I was recently sitting in the Showroom looking over the latest additions to our stock.  We’re steadily adding to the inventory, so I’ll post what’s new in the Showroom as it comes in.  In the meantime, if you’ve been reading Mike Sutton’s blog posts or following the latest technology in the Learning Lab sessions you’ll know what’s new!   While I was in the Showroom writing this, one of our engineers, Alex Ulloa, came running down the hallway with an unfamiliar-looking manual, and as he pressed it against the glass everything went blurry.  And I bet the same thing will happen to you when you check out the new Panasonic 3D cameras.  They’re currently being tested by our engineers and prepped for rental and demo use.  If you’re looking to buy one, check in ASAP!  For a sense of what they look and feel like when shooting, check out Mike Sutton’s blog post (he recently took one out for a test drive), or come to the October 20th Learning Lab which is all about shooting with the AG-3DA1 3D camera and the BT-3DL 2550 25.5″ 3D LCD monitor (we’ll provide the 3D glasses). Another new product you’ll see in the Showroom is the Euphonix MC Color used for Color Grading.  Most of you Final Cut Pro users have probably heard about it, but what you might not know is that Euphonix was recently bought by Avid.  We like the MC Color because Euphonix built it specifically to avoid breaking the bank.  Any other color grading option out there starts at $3,650. Then there are the new tripods, specifically the Manfrotto 701HDV, 547BK, Sachtler FSB-6 SOOM tripod, Manfrotto 504HD, 546BK tripods (replacing the discontinued 503’s) and the standard Sachtler FSB-4 and FSB-6. Last but not least, we’re doing our best to get in some custom Canon and Zacuto catalogs.  I’m guessing that a lot of you are looking online trying to figure out which kit is best for you, so let us help you with advice from people who have already put together their own custom rigs and know the parts pretty well.  Bring your camera in along with any and all of your parts, and we’ll help you rig them to go with what you need.  If there are any missing pieces, we’ll order them right then and there.  It’s nice to be able to build something that fits your needs, not changes them. We’re becoming dealers for new brands by the week, adding Euphonix, Adobe, For-A, Ross and G-Tech relationships, so keep checking in!  We just got a LARGE shipment of Zacuto Z-finders and G-Drives so come in soon! Michelle Brooks, Inside Sales Representative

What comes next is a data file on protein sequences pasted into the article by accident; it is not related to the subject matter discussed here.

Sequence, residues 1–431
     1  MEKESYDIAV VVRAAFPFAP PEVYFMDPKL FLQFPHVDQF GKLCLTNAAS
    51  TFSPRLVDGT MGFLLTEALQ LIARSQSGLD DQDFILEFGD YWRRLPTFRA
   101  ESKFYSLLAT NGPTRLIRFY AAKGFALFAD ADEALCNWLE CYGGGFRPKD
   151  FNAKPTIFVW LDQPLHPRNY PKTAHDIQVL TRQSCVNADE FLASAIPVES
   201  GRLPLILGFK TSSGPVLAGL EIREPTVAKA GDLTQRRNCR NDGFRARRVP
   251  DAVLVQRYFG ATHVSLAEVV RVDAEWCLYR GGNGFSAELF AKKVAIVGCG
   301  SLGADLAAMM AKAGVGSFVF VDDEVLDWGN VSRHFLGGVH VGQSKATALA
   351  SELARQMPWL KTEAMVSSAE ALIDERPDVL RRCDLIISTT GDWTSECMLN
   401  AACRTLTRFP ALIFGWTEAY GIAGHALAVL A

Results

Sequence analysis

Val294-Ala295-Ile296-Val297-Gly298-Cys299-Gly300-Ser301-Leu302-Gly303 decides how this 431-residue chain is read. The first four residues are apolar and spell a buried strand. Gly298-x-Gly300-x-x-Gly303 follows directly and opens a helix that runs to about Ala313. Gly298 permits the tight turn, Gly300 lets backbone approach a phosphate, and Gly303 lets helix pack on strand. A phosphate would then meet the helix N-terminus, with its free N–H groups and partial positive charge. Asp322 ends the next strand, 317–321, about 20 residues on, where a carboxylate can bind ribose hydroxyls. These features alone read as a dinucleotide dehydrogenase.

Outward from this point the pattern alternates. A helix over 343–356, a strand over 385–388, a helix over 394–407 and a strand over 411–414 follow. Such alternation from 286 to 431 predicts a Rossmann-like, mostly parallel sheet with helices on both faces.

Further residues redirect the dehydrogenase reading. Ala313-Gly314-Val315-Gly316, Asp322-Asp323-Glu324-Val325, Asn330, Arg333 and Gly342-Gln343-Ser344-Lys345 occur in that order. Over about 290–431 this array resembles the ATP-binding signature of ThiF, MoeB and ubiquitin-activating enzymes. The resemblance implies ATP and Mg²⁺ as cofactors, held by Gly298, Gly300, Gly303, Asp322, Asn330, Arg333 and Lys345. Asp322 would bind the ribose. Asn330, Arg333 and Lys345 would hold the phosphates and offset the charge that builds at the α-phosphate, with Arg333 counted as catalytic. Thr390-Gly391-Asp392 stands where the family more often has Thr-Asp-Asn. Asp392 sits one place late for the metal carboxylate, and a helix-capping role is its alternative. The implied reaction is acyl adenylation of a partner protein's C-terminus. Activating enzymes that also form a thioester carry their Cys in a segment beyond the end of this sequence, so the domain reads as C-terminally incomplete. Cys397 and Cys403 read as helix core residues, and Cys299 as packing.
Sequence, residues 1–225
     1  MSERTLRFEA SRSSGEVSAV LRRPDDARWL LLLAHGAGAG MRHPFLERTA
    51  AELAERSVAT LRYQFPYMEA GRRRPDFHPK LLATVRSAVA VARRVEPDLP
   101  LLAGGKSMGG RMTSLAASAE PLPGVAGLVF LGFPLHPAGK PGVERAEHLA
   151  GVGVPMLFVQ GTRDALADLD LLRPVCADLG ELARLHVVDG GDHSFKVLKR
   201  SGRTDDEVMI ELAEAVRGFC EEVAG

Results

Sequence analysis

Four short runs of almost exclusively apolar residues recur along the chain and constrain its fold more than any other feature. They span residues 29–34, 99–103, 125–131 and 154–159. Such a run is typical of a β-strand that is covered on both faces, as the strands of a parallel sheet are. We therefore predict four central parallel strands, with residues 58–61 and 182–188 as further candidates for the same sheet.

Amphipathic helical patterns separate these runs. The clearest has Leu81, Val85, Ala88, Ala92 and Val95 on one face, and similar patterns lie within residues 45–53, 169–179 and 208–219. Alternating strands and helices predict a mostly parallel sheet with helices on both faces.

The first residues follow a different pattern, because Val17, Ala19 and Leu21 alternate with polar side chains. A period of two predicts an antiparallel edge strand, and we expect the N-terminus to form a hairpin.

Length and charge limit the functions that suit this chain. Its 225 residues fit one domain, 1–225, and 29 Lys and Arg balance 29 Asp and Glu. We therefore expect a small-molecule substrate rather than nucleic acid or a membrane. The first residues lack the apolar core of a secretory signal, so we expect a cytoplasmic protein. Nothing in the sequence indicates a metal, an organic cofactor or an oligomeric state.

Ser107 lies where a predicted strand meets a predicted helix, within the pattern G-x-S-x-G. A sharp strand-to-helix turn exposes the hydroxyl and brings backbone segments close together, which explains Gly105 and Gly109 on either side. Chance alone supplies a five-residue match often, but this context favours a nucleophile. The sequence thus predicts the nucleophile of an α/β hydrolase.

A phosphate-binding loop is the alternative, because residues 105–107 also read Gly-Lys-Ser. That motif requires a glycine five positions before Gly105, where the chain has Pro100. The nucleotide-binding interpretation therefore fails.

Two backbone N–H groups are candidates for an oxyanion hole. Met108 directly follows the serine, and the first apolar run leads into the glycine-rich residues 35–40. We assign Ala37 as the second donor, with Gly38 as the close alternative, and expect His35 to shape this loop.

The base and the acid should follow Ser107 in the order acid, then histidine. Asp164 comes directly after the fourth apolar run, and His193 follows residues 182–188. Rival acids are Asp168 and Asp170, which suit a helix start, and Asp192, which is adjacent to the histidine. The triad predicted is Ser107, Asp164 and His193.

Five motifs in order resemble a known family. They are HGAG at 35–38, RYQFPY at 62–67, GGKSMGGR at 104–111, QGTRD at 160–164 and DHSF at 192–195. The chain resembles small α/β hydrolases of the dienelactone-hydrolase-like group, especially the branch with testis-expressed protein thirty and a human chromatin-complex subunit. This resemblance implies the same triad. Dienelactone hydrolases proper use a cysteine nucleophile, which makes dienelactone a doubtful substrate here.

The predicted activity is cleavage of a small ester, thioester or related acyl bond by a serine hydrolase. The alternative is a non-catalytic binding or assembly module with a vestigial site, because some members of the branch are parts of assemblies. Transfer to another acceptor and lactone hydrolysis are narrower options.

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A Unique Dual-Purpose Integration: Mobile & Fixed

The most recent integration project started with a phone call from a local producer who planned to build a portable HD control room for Harvard’s School of Public Health. As initially conceived, this would involve a switching flypack that would move between 2 separate spaces in one building and provide all the control gear to turn a conference room or large performance space into a remote camera production studio.  We were familiar with the construction of a portable flypack and the installation of remote cameras but putting these functions together presented some interesting challenges.  For example, where was the line between the portable and the installed equipment?  How do we connect the 2 systems so they’ll work well together and separate easily?  These questions made the project unique, and we were definitely up for the challenge. Once we started working on the portable production aspect, the architects who were overhauling the conference room suggested we design and build the audio/visual portion in that space.  Consistency was the main objective.  By building the mobile flypack first, once in the conference room, it had to work in tandem with the audio visual components (e.g., teleconference, boundary microphones, resident computers, a VERY large display, etc.) in this more permanent space. It was the right way to handle this type of design, and as we moved through this particular phase, we became increasingly aware of the relationship between both aspects of the project. Overall, whether the production equipment is mobile or in the control room, the objective was to produce the highest quality HD material for both live streaming over the web and broadcast feeds to a variety of news outlets.  Because both systems would overlap in some of their hardware, it meant that much of the equipment in the conference room would conform to very high specifications.  For example, it’s not common to use a high-end HDSDI signal to feed a teleconferencing system.  It’s also not common to use Lite Panels (production lighting) on the speaker in a conference room setting.  The dual purpose for this space made the high-end choices budgetarily necessary. After wrapping up the design phase, and then preassembling and testing the gear in our shop, construction is finished and we’re now moving the gear on site in order to have the entire room tested and ready for production early next month. At this particular point in the project, it strikes me that despite all the overlap within these 2 co-existing systems (and no matter what the final purpose of the room) — video is still video and audio is still audio! Ian Tosh, Director of Engineering Services